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Is Wisconsin Good For Obama?

Responding to my post last night about how the upcoming primary terrain favors Obama, a couple of commenters wondered why I was so high on his prospects in Wisconsin. I concede that the state's by no means a gimme for him. As Harold Meyerson points out, both Obama and Clinton have paths to victory there:

Wisconsin Democrats have a long reformist tradition, as current Senator Russ Feingold could attest, and it is also home to a large white working-class vote as well. In short, it could provide the major showdown of February between Clinton and Obama, and gives Obama the opportunity to break through among the white working class voters he'll need to win in subsequent contests.

Be that as it may, the reason I'd be somewhat optimistic if I were Obama is that Wisconsin is similar to Iowa in most respects, except it's younger and less white. In CNN's 2004 entrance/exit polls (see here and here), about 32 percent of the Iowa electorate was under age 45 while 27 percent was 65 and older. In Wisconsin, by contrast, 36 percent was under age 45 while only 20 percent was 65 and older. That strikes me as pretty significant.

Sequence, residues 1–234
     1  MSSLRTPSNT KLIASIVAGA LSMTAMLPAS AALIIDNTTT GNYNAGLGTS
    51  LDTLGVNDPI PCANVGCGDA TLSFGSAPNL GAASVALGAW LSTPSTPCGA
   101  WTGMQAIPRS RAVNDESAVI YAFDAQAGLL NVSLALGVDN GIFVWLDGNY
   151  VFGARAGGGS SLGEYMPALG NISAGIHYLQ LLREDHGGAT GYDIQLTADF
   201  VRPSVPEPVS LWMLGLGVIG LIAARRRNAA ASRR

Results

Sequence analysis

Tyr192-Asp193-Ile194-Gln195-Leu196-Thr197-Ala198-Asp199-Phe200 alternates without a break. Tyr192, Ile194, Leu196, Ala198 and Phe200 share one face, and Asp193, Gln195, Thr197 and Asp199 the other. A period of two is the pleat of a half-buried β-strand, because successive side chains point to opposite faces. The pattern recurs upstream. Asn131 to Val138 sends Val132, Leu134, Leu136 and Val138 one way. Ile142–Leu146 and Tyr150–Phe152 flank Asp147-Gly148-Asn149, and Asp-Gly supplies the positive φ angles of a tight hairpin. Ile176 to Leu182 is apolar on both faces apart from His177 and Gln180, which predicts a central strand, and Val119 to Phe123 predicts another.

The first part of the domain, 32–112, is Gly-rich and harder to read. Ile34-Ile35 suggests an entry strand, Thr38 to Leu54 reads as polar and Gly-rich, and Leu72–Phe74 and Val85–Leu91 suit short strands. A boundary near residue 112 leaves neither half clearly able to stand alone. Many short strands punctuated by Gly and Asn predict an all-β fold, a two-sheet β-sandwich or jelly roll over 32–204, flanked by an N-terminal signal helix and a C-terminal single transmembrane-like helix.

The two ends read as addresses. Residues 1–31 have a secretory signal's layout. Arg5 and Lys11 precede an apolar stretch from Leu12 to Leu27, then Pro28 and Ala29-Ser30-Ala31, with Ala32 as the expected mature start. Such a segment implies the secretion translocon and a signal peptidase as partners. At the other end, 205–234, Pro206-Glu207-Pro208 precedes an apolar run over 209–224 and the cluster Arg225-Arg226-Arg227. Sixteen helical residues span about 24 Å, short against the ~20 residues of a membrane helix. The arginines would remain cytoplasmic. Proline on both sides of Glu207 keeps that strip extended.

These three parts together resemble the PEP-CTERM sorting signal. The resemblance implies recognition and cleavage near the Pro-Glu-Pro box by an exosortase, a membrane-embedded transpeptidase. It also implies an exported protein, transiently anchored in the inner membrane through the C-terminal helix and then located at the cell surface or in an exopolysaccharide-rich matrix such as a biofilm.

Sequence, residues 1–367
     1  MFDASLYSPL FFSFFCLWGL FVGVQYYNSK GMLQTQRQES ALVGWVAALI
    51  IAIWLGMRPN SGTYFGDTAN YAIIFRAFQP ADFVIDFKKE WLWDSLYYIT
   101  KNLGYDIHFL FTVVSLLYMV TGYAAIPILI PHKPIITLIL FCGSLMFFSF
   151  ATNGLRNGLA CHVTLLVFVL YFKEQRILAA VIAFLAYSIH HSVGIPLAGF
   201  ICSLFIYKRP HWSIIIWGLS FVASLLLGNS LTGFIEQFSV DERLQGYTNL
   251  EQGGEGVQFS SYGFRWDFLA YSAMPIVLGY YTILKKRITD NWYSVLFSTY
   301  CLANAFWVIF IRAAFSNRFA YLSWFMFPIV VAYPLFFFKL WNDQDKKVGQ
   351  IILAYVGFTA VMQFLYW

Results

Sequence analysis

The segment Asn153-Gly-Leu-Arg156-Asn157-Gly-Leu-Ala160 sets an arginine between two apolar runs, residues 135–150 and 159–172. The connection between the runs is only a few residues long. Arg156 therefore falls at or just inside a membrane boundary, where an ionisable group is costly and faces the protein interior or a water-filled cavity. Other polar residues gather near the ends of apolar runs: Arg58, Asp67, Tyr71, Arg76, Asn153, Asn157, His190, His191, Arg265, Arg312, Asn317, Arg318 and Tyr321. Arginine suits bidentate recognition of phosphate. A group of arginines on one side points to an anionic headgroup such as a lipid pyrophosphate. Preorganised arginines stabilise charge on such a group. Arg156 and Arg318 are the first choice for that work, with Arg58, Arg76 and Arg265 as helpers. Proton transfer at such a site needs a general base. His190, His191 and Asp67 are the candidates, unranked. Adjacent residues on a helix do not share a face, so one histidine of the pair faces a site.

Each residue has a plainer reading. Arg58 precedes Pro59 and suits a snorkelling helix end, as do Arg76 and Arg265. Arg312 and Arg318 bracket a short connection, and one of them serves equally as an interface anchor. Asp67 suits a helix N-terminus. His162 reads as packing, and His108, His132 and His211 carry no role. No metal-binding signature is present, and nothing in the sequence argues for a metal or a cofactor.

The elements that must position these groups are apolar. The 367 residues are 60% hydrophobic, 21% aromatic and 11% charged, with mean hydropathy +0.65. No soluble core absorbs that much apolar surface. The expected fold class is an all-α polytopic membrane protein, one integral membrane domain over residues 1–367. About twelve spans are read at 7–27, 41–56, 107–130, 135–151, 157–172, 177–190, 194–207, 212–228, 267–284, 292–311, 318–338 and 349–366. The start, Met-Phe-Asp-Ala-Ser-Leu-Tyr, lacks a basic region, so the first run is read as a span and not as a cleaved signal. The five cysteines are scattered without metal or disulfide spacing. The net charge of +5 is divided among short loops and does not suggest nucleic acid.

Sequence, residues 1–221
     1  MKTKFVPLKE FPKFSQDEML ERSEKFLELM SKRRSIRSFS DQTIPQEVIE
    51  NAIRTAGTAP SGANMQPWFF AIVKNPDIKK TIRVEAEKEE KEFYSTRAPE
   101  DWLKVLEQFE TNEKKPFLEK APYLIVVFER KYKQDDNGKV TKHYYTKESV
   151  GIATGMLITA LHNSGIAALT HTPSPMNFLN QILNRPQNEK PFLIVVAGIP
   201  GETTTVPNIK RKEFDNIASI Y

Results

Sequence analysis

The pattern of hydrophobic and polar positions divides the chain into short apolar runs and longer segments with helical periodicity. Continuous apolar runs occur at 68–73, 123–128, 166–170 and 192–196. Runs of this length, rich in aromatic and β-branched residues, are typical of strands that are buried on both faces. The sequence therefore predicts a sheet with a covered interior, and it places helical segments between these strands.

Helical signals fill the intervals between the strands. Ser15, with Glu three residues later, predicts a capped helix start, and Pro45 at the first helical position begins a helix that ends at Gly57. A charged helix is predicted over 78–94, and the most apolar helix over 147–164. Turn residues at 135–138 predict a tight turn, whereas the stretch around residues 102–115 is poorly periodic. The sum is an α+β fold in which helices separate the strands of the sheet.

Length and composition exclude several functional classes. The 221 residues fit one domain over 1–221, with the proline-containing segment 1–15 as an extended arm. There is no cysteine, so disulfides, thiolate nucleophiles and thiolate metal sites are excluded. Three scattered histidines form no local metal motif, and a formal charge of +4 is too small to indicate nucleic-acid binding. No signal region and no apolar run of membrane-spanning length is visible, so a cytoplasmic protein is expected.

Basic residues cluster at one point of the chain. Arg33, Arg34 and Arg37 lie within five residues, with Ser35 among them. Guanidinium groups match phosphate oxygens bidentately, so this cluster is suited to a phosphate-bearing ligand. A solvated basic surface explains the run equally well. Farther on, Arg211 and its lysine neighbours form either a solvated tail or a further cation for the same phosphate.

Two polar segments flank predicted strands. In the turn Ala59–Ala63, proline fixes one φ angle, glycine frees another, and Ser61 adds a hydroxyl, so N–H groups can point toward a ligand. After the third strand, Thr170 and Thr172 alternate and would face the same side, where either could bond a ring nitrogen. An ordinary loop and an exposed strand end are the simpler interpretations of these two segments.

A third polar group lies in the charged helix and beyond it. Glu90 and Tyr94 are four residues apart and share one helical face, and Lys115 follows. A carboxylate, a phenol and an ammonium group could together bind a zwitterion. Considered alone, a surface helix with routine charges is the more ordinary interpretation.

Also important, if slightly less significant, the 2004 exits showed the Democratic electorate in Wisconsin to be about 6 percent African American and 3 percent Latino. CNN didn't include a racial breakdown in its 2004 Iowa numbers, but the numbers for this year were 4 percent black and 3 percent "other." (I suspect "other" is mostly Latino.) Given that the number of African Americans voting in Iowa was probably somewhat higher this year than in 2004 thanks to Obama, it's probably safe to say Wisconsin will end up having about twice the number of black voters as Iowa and the same number of hispanics.

The third thing is that while Iowa's Democratic electorate was actually much more liberal than Wisconsin's was in 2004 (57 versus 43 percent self-described liberal, though some of that was probably people who turned out for Dean in Iowa but not Wisconsin), it also had a significantly smaller share of self-described conservatives (6 versus 15 percent). If you look at the results from, say, Missouri (the most culturally/demographically similar state that had a close race last night), you find that Obama cleans up among both liberals and conservatives, while Hillary comes out slightly ahead among moderates. Which is to say, the ideological diffrences between the states are very close to a wash.

Finally, don't forget that, like Iowa, Wisconsin borders Illinois and hosts what looks like an open primary.

--Noam Scheiber